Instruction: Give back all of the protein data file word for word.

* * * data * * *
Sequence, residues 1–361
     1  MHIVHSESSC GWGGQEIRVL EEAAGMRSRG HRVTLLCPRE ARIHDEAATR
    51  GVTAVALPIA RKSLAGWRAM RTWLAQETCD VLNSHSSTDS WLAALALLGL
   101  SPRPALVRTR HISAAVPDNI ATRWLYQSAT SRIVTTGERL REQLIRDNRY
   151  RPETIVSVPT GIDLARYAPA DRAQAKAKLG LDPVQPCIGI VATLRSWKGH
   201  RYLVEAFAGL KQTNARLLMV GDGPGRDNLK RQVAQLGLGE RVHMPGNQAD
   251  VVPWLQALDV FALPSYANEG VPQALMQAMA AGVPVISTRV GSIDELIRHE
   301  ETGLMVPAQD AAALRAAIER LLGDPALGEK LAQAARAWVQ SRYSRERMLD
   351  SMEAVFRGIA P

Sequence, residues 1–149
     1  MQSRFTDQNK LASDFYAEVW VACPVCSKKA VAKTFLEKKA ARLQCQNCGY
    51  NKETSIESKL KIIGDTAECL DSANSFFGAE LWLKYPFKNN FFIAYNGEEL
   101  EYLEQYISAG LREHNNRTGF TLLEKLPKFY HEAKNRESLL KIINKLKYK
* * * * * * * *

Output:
Sequence, residues 1–361
     1  MHIVHSESSC GWGGQEIRVL EEAAGMRSRG HRVTLLCPRE ARIHDEAATR
    51  GVTAVALPIA RKSLAGWRAM RTWLAQETCD VLNSHSSTDS WLAALALLGL
   101  SPRPALVRTR HISAAVPDNI ATRWLYQSAT SRIVTTGERL REQLIRDNRY
   151  RPETIVSVPT GIDLARYAPA DRAQAKAKLG LDPVQPCIGI VATLRSWKGH
   201  RYLVEAFAGL KQTNARLLMV GDGPGRDNLK RQVAQLGLGE RVHMPGNQAD
   251  VVPWLQALDV FALPSYANEG VPQALMQAMA AGVPVISTRV GSIDELIRHE
   301  ETGLMVPAQD AAALRAAIER LLGDPALGEK LAQAARAWVQ SRYSRERMLD
   351  SMEAVFRGIA P

Sequence, residues 1–149
     1  MQSRFTDQNK LASDFYAEVW VACPVCSKKA VAKTFLEKKA ARLQCQNCGY
    51  NKETSIESKL KIIGDTAECL DSANSFFGAE LWLKYPFKNN FFIAYNGEEL
   101  EYLEQYISAG LREHNNRTGF TLLEKLPKFY HEAKNRESLL KIINKLKYK